Ireland tax haven

Capital city:               Dublin     
Currency:                   Euro (€) & Pound Sterling 
Population:               6.4 million  
Language:                 English, Irish, Ulster Scots Dutch  
GDP                            €241 billion 

Ireland is an island in the North Atlantic and is separated from the neighbouring island of Great Britain by the Irish Sea and the North Channel (only 23 km away). Politically, Ireland is divided between the Republic of Ireland (officially named Ireland), which is an independent state and covers five-sixths of the island, and Northern Ireland (a constituent country of the United Kingdom). 

The standard rate of corporation tax is among the lowest in the world at 12.5% and applies to trading income of companies. The higher rate, 25%, applies to non-trading income such as interest, foreign sourced income and profits, rental income, income from working minerals, and petroleum activities.

Ireland’s economic and taxation policies favour corporations invested in research, development and innovation as Ireland only charges a corporate tax rate of 6.25% for revenue tied to a company’s patent or intellectual property. In addition, Ireland has enacted policies allowing research and development intensive start-ups the ability to claim back taxes (even if the start-up is incurring losses and cannot pay their corporate tax). Amazingly, the 25% tax credit is applied against the corporate tax rate of only 12.5%.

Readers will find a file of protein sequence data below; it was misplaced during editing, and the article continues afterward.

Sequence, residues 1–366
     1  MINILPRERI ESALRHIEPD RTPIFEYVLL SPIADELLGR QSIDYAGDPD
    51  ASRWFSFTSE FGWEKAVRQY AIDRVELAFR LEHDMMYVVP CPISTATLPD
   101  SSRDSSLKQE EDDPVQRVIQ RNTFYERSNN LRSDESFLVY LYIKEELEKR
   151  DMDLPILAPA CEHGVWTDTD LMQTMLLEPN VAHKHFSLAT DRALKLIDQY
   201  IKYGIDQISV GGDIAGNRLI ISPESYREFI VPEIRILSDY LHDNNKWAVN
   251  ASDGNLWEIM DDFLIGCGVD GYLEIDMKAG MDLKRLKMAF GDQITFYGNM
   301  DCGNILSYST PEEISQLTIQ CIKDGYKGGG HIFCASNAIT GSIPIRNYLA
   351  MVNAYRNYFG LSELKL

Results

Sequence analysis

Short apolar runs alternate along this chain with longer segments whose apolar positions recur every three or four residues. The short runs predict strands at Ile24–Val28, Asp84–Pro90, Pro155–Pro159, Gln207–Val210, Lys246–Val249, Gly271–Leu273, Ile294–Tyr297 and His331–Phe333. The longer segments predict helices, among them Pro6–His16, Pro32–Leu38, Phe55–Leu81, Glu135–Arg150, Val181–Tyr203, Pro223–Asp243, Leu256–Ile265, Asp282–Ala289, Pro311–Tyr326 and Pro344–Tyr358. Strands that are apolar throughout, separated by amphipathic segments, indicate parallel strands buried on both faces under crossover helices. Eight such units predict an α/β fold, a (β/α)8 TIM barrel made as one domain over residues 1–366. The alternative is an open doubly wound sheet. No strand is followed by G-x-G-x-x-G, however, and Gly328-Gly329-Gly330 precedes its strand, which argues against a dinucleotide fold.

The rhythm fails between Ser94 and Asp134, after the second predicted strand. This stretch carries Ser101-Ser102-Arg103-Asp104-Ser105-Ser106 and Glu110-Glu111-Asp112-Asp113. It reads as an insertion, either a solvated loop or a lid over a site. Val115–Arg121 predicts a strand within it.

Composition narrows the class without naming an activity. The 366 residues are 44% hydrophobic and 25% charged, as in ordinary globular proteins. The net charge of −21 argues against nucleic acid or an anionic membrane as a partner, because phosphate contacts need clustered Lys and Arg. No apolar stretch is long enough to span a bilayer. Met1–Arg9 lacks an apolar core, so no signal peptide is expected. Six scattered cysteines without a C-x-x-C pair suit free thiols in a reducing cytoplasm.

The financial environment of Ireland also allows for special-purpose vehicles to be established for the reduction of taxes. There are currently over 750 special-purpose vehicles located in Ireland holding assets of over 450 billion euros. The special-purpose vehicles are attractive to foreign multinational companies as they do not have to provide public accounts of turnover, subsidies received, profit or amount of taxes paid.

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"You’d be stupid not to try to cut your tax bill and those that don’t are stupid in business"

- Bono: U2